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Queue area

Queue areas are places in which people in line (first-come, first-served) wait for goods or services. Examples include the DMV, checking out groceries or other goods that have been collected in a self service shop, in a shop without self service, at an ATM, at a ticket desk, a city bus, or in a taxi stand. In economics, queuing is seen as one way to ration scarce goods and services.

Queuing has been studied in queuing theory.

The term "queue" is used more in British English, while the word "line" is used mostly in American English. Most of the United States "get in line," whereas New Yorkers tend to "get on line." Canadians use the term "line up." In the United Kingdom the expressions "form a queue" or "queue up" are most common.

Types of queues

Physical queue

Organized queue areas are commonly found at amusement parks. The rides have a fixed number of guests that can be served at any given time, so there has to be some control over additional guests who are waiting. This led to the development of formalized queue areas – areas in which the lines of people waiting to board the rides are organized by railings, and may be given shelter from the elements with a roof over their heads, inside a climate-controlled building or with fans and misting devices.

In some amusement parks—Walt Disney World is a prime example—queue areas can be elaborately decorated, with holding areas fostering anticipation, thus shortening the perceived wait for people in the queue by giving them something interesting to look at as they wait, or the perception that they have arrived at the threshold of the attraction.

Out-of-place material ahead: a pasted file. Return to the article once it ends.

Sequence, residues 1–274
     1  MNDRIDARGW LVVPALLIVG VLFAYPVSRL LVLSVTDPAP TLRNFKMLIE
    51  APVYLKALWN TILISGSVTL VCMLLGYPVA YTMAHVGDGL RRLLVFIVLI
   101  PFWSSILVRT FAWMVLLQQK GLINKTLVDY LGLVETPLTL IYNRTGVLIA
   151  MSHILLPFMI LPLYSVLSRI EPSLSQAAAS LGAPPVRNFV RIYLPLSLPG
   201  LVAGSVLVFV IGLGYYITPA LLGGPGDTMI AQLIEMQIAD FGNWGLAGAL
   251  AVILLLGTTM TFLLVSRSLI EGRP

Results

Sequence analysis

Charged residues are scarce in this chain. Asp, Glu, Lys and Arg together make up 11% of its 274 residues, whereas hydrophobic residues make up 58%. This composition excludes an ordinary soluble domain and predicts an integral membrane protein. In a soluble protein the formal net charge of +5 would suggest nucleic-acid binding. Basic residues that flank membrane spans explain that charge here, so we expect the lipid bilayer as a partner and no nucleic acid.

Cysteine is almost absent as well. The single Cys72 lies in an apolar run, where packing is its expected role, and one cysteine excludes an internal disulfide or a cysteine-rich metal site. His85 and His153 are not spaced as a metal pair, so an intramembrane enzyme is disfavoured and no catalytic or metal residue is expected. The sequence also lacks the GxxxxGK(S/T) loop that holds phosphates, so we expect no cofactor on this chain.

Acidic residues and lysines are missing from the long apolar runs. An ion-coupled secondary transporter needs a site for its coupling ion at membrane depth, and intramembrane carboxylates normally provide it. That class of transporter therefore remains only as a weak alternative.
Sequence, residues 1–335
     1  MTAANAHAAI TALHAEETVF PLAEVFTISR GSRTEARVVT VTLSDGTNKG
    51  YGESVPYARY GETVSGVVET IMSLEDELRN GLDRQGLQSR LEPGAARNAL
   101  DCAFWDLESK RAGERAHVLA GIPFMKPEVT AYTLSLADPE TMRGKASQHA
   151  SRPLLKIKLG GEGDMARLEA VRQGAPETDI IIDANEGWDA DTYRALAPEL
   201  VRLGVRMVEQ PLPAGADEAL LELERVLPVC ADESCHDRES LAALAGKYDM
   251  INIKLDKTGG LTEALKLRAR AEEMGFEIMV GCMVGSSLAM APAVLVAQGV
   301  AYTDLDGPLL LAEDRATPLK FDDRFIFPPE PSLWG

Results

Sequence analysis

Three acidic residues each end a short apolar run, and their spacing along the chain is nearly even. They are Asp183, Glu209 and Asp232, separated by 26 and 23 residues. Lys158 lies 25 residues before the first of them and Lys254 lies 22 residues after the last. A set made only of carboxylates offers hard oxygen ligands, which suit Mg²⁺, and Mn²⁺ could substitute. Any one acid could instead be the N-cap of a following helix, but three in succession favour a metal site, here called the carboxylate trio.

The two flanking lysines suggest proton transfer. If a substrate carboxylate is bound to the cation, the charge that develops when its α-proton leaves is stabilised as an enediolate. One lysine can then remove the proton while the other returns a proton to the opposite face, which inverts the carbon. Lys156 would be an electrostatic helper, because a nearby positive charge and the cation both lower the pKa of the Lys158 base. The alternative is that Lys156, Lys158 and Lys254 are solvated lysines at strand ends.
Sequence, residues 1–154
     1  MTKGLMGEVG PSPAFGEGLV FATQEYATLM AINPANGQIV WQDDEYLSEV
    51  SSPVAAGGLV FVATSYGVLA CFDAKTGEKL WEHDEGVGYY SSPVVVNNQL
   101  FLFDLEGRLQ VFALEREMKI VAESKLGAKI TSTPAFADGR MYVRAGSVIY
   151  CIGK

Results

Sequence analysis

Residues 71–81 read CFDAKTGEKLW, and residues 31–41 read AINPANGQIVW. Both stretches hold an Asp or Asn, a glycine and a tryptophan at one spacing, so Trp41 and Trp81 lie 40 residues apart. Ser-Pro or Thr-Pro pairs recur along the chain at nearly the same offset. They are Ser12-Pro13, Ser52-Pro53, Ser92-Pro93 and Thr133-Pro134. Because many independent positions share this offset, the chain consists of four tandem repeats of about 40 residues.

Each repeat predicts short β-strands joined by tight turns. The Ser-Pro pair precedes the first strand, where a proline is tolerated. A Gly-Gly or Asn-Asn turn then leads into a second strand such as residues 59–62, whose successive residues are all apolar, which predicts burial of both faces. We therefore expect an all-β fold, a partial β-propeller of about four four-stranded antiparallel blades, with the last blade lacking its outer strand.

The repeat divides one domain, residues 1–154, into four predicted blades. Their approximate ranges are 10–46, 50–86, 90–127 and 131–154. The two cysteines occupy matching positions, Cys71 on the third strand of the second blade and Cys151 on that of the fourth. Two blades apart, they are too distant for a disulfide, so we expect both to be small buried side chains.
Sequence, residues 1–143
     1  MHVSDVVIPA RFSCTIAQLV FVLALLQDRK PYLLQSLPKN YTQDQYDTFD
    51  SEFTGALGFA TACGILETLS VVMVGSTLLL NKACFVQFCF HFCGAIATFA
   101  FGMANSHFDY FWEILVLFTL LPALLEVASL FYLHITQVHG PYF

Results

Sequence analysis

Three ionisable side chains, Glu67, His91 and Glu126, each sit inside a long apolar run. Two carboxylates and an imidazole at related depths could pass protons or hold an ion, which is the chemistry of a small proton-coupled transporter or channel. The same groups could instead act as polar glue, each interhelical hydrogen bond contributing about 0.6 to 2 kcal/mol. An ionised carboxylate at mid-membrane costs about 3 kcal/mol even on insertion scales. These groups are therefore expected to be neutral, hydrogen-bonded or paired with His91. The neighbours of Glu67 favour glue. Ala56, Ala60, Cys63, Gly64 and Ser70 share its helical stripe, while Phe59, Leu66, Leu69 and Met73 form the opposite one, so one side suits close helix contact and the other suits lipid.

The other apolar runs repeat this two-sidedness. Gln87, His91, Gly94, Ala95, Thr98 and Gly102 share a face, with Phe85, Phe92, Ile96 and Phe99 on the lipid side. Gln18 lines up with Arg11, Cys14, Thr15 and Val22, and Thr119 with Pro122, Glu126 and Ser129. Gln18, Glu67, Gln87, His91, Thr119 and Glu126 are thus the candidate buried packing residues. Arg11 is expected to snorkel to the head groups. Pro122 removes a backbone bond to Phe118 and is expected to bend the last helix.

Queues are generally found at transportation terminals where security screenings are conducted.

Large stores and supermarkets may have dozens of separate queues, but this can cause frustration, as different lines tend to be handled at different speeds; some people are served quickly, while others may wait for longer periods of time. Sometimes two people who are together split up and each waits in a different line; once it is determined which line is faster, the one in the slower line joins the other. A fairer arrangement is for everyone to wait in a single line; a person leaves the line each time a service point opens up. This is a common setup in banks.

Virtual queue

Physical queueing is sometimes replaced by virtual queueing. In a waiting room there may be a system whereby the queuer asks and remembers where his place is in the queue, or reports to a desk and signs in, or takes a ticket with a number from a machine. These queues typically are found at doctors' offices, hospitals, town halls, social security offices, labor exchanges, the Department of Motor Vehicles, the Department of Immigration, free internet access in the state or council libraries, banks or post offices. Especially in the United Kingdom, tickets are taken to form a virtual queue at delicatessens and children's shoe shops. In some countries such as Sweden, virtual queues are also common in shops and railway stations. A display sometimes shows the number that was last called for service.